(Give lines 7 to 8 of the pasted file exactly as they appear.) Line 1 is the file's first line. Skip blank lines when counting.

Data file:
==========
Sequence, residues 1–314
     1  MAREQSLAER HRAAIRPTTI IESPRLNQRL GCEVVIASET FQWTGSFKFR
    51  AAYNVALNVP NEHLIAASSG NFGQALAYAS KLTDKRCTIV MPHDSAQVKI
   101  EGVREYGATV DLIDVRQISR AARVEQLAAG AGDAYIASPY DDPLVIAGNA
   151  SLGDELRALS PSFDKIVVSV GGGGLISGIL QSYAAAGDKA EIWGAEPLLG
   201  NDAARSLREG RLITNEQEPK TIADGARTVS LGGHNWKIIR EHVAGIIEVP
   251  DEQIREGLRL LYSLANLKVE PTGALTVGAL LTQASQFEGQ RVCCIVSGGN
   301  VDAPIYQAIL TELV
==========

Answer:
   251  DEQIREGLRL LYSLANLKVE PTGALTVGAL LTQASQFEGQ RVCCIVSGGN
   301  VDAPIYQAIL TELV